My organization is in the process of an incredible change to its process of performance evaluation. The best part about it, from my perspective, is that it is focused less on performance as the end all and be all of evaluation, and more on preparedness for progression to the next level for all employees. Obviously, I’m biased….and yes, I’ve had just a little bit of the kool-aid, but the truth of the matter is that this Is really cutting edge and others in the market are looking to us for insight so they can do the same. As you can imagine, we’ve had so many conversations internally about it and some of the more junior staff have been relying on the leaders to be their guide through their transition into the new process. This coupled with some recent coaching sessions I’ve had with new clients has highlighted something for me-most of us are more comfortable focusing on our weaknesses and trying to developing them than we are even identifying our strengths, let alone amplifying them.
This lead me to wonder, what would our experiences be in this life, individually and collectively, if we opted to spend more time considering our strengths , investing more time there than on our weaknesses. I’m not saying that we completely ignore the areas in which we can improve and develop. Instead, I’m just proposing that we invest more time and energy in the areas in which we are already distinct or can be even more accomplished . For instance, I would benefit me much more to invest time in my speaking skills because this is something I can acknowledge that I’m good at and yet there is so much more I can glean from more focused efforts on this skill. Besides, more often than not, a good portion of any energy we place on our weaknesses is not that productive. We spend more time “wishing I was good at x” than actually trying to find ways to be better in those weaker areas or comparing ourselves to others when it comes to weaknesses. So, as we shift toward amplifying our strengths, what does this enteail?
1-Identifying your strengths: Just for level setting, let’s agree that a strength is a skill or area of expertise in which you have experienced some level of accomplishment and can serve as resource to others. Personal brand building would be one of mine. Just this week I was asked to facilitate two sessions on the topic, one internal to my organization and the second for a local professional organization. We all have skills for which others seek us out. What three skills or areas of expertise can you identify as strengths?
DO NOT DISCOUNT ANYTHING!!! More often than not, when I’m working with folks, it is at this stage that they will identify strengths and then pull back because “it’s nothing really special”. If you’re already going there, one question I have for you: Can anyone and everyone exhibit that particular skill or area of expertise to the same degree you have? If not, DO NOT DISCOUNT IT! Just identify it and let’s keep moving.
2-Owning your strengths: Once you identify your strengths, you’ve really got to commit to owning them. What this means is really committing to cultivating them. As it relates to personal brand building for me, I read any and everything I can get my hands on about the topic. I am constantly tweaking or adding to the Bernier Brand Building model I developed years ago. If you’re a phenomenal singer, you’ve got to keep singing, taking opportunities to enhance, amplify, this strength. If you’re a stay at home mom, managing a household, keeping everyone on track with many different schedules, you may pursue another opportunity around project management or additional experiences that will position you to enhance this strength. Star Athlete? I think it goes without saying, you’ve got to keep practicing and performing on the court, field, track, dance stage, etc. The first strength you identified, how will you own this strength by continuing to cultivate it?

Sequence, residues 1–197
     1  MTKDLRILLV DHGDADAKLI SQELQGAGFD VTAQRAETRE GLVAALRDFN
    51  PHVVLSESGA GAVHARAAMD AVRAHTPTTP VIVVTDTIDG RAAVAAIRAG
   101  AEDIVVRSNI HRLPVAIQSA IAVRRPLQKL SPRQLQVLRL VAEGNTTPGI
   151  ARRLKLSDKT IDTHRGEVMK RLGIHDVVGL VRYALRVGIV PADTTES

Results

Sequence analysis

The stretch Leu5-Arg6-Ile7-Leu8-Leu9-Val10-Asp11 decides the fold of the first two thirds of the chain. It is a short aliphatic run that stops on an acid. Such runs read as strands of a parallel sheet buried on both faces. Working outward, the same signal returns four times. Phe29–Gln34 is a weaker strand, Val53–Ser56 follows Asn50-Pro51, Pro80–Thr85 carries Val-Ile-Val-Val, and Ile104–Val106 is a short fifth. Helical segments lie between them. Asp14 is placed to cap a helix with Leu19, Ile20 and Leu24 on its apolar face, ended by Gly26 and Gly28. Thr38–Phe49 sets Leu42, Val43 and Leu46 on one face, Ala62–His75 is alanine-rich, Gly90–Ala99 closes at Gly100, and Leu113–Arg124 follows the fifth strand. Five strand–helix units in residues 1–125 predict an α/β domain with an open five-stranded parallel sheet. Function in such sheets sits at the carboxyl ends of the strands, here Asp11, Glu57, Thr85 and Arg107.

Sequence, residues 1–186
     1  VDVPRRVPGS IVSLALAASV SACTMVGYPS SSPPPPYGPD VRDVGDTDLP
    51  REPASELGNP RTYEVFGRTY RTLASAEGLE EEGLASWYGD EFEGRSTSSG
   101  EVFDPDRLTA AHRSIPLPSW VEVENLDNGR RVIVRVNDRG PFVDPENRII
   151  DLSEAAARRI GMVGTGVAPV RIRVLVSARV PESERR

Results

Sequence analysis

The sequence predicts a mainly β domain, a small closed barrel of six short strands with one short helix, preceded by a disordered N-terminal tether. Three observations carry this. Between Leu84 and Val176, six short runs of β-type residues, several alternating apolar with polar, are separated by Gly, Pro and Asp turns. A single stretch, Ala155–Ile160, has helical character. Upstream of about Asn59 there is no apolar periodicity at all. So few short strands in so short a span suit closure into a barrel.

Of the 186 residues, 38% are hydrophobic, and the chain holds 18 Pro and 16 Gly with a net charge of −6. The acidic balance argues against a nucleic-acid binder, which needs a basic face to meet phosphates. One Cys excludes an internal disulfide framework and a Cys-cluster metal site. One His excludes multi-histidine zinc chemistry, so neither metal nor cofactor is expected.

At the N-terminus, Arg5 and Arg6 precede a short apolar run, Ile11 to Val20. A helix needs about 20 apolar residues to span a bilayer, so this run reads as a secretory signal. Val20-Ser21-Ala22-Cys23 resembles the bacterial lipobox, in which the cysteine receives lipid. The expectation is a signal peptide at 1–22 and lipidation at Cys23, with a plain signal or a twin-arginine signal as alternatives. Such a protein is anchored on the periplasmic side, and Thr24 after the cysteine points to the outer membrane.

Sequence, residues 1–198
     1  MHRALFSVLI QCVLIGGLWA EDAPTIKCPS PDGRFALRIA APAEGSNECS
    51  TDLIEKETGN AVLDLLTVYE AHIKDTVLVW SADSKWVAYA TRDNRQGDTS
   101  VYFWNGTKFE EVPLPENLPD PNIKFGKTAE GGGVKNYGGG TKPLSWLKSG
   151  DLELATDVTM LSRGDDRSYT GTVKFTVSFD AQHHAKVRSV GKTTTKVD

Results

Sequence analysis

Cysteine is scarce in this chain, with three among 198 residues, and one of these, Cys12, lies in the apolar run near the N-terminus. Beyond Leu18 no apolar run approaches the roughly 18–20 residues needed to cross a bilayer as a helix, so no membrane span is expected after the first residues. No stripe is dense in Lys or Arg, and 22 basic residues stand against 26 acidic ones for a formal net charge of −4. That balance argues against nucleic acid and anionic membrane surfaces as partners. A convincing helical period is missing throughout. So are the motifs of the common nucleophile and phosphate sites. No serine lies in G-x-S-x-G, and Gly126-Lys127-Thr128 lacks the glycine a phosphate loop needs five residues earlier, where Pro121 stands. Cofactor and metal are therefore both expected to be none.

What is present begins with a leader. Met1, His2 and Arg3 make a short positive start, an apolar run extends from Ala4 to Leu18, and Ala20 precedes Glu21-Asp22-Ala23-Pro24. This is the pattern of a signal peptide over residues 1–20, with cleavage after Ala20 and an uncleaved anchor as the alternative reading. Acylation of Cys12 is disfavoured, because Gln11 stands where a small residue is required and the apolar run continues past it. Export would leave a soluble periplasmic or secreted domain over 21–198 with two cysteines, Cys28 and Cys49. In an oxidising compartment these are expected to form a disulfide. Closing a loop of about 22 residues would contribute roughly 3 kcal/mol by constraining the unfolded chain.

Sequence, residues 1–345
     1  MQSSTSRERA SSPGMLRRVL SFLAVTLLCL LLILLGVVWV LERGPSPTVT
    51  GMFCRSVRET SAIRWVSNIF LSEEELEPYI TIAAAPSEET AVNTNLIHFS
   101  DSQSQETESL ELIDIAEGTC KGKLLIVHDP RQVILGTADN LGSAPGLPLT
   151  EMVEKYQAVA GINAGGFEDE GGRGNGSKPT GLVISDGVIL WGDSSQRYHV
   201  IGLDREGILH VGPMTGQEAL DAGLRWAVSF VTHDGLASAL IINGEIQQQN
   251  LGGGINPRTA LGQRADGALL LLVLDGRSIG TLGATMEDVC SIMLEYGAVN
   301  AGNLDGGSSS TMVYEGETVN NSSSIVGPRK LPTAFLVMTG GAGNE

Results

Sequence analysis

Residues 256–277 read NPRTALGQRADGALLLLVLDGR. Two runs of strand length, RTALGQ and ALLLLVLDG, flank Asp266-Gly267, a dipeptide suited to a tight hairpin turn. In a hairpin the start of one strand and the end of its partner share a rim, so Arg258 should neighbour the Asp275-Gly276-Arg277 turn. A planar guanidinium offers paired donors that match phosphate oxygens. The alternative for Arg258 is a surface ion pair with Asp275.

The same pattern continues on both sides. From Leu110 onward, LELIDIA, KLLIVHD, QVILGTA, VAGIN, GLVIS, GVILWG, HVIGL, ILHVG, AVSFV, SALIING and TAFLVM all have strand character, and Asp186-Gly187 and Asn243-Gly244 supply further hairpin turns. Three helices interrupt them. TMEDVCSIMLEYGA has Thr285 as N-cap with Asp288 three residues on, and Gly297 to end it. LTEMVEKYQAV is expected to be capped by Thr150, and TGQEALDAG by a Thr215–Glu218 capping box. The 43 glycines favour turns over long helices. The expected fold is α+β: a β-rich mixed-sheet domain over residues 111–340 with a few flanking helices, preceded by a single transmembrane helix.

3-Advocating for yourself based on these strengths: So often we’re afraid of tooting our own horn for fear of being perceived as cocky, over-confident, assuming, etc. You’re not alone! I’m just starting to be more comfortable in advocating for myself as it relates to my strengths. It’s actually not the advocating that seems so tough. It’s more being able to say, “yes, I’m really good at public speaking….building relationships….coaching.” Once you’ve identified and owned your strengths though, it’s a natural extension toward advocacy for yourself because it is then that you realize you’ve made an investment and now it’s simply time to seek a return by sharing your skills with others. It may sound something like “You know, I understand you’re hosting a conference next month and I’d love to share my insights into the topic of XX through a workshop I’ve facilitated for many different audiences. I can assure the experience of the participants who sign up for the session will learn x, y, and z.” Create one advocacy statement. Still tough to imagine yourself doing this? Start with the mirror-I promise it makes it easier when it’s time to go live!
I always try to find something to share with all of you after I write my thoughts. This was the first thing to pop up as I searched images around amplifying your strengths. #Fitting!